The Teacher is Talking: Guest Blog–Why You Should Support the PTA

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By Leslie Lindsay

Well, here it is Wednesday and I am  just now turning in my homework.  If I were a real student with a real teacher, the teacher would be reprimanding me for turning in my homework a day late.  Sorry.  I don’t know what it is about Tuesdays that makes it so hard for me to get to the computer and blast out a blog.  Well, actually I do.  It’s that I have about 50 million things I want to do and have to do, so I try to do them all.  Sigh…

And now, another faux pas as I am having  someone else do my homework today.  That’s right another guest blog.  This one is all about why parents should join the PTA.  I am a member (but gosh darn it, haven’t gotten to a meeting yet).  I don’t know if my membership has given me anything but braggin’ rights, but well…here goes.  This one is from www.babysitter.net  The original article just “aired” on Halloween, 10-31-11.  You can find it at: http://www.babysitters.net/blog/why-parents-should-support-their-local-pta/

Why Parents Should Support Their Local PTA

October 31st, 2011

Concerns about public schools are much in the news, in recent times. Politicians, business leaders, college admissions officials, and academic researchers, have much to say about the quality, or lack thereof, of teaching methods and subject matter. How can a concerned parent make sense of it all and judge whether their child is receiving a proper education?

In the middle of it all, ignored by many and supported by not nearly enough, are local Parent-Teacher Associations. Local PTAs can and should be a valuable resource for any parent with questions, concerns, or ideas about how their children should be taught and cared for by schools.

Got Questions?

If you want to know how your school compares academically with local, state, and national standards, your local PTA can provide that information for you. If you have specific questions about how your child’s classroom operates, and what teaching resources your child’s teachers have available to them, your local PTA can help you obtain the answers you are looking for.

Your local PTA will be happy to provide informational materials, as well as offering you an ear for specific questions about curriculum and available services that you feel are not being addressed adequately by school administrators.

Got Complaints?

All local Parent-Teacher Associations have members that focus on parent concerns about teachers and/or classroom activities. Quite often, these concerns turn out to be based on misconceptions about classroom activities or one-sided reports from students to parents. If, after attempting to raise an issue with a teacher or administrator, a parent still feels the issue is not being properly dealt with, the local PTA can act as arbitrator or information collector in helping to find solutions.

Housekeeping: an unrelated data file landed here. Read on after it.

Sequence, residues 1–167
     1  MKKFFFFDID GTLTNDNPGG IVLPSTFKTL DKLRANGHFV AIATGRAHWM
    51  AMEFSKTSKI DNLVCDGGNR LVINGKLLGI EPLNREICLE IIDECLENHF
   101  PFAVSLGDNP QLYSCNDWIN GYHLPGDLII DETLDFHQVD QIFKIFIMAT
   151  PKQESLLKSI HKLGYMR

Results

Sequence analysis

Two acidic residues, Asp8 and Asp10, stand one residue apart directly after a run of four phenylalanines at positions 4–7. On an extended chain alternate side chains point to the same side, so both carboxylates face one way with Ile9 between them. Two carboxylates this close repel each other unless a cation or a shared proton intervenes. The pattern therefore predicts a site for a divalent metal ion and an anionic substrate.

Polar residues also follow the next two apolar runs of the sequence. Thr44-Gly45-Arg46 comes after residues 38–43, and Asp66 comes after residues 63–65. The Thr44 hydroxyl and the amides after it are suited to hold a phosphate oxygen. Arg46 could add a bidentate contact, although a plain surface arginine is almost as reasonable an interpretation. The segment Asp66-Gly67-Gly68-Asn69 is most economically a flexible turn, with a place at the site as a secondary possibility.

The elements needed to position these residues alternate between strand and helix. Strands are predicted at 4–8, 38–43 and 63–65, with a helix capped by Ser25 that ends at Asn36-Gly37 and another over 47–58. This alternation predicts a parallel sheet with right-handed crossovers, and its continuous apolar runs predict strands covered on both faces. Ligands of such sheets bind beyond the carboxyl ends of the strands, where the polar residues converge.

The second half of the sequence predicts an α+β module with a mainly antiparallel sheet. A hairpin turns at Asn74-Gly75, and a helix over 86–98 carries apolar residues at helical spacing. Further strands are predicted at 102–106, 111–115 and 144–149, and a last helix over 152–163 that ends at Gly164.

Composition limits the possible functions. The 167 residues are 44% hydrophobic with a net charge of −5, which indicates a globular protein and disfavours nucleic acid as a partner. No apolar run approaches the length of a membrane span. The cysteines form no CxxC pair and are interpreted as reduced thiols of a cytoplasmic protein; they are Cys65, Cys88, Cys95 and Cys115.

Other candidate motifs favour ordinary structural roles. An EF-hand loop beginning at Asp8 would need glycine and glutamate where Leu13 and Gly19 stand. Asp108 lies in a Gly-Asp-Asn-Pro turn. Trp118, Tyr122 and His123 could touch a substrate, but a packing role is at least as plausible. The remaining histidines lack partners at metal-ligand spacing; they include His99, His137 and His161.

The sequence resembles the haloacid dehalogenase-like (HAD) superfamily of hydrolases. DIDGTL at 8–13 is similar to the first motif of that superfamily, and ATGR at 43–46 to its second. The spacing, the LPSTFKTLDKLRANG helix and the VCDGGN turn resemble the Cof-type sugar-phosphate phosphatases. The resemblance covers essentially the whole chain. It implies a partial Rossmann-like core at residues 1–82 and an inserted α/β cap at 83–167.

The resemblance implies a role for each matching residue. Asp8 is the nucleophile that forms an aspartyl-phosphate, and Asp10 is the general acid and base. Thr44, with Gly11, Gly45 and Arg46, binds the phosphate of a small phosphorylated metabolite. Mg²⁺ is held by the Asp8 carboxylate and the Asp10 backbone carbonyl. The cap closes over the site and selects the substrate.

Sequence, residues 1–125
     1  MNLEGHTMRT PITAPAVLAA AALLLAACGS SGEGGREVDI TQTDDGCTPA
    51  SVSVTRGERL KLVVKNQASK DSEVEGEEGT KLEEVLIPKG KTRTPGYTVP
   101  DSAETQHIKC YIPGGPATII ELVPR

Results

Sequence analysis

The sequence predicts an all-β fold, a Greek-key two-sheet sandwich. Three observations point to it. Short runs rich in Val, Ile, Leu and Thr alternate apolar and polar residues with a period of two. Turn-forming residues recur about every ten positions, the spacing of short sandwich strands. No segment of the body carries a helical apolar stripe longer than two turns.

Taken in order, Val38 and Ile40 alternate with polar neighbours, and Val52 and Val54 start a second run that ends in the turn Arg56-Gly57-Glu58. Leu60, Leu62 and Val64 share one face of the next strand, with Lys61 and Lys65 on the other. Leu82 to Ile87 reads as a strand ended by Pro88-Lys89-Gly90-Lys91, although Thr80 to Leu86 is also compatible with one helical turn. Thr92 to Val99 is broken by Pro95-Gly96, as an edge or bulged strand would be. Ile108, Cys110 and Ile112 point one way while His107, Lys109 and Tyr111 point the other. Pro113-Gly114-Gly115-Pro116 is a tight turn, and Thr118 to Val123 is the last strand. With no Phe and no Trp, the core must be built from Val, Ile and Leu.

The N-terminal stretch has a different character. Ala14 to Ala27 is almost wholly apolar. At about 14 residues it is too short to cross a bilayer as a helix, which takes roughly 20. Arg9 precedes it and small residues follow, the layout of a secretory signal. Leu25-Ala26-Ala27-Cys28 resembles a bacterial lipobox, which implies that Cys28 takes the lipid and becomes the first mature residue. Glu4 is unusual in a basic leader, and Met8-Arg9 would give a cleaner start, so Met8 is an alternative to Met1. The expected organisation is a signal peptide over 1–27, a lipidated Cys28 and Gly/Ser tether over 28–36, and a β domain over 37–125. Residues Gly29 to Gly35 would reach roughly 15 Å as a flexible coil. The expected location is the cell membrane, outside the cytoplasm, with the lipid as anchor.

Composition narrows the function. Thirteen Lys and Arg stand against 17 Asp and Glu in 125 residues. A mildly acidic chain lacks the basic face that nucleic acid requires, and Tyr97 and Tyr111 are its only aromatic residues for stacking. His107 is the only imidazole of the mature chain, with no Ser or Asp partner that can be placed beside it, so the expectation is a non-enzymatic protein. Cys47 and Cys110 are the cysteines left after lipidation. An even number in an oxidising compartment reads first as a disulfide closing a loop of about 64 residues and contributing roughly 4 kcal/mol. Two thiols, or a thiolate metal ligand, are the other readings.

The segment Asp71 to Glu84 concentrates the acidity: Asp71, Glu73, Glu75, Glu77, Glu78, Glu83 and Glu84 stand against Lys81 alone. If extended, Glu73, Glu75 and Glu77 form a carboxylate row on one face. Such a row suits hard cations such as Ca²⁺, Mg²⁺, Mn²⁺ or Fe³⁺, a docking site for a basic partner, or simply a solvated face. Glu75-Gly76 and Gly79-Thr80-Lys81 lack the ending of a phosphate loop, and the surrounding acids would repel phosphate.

Got Ideas?

If you think that you have ideas that would benefit your school’s ability to educate the kids in your community, the local PTA is a great place to bring your ideas for discussion. As a group, teachers are eager to hear any ideas you may have about helping them work better with your children. A local PTA gives you direct access to teachers ears, whether your ideas are about general teaching or specific issues with teaching your child.

This is, in fact, the major reasons that PTAs were created; to help teachers and parents work together in answering each other’s questions and addressing the education needs of students.

Got Time?

If you have even a few hours per month that you can devote to increasing the quality and responsiveness of your community’s schools, consider volunteering with the local PTA. I’ve heard other parents speak of Parent-Teacher Associations as if they are purely teacher’s advocacy organizations. That’s not the case. Teachers have unions for that sort of thing. PTAs are set up to foster connections between teachers and parents, to address issues of concern and improve the ability of both parents and teachers to help students achieve and grow.

As a parent, you have the opportunity and ability to get in there and be part of the solutions that help both teachers and other parents understand, improve, and grow in their ability to give students the best possible education. Don’t ignore your local PTA. Support it, join it, help it grow and be as effective as possible in this critical and difficult endeavor.

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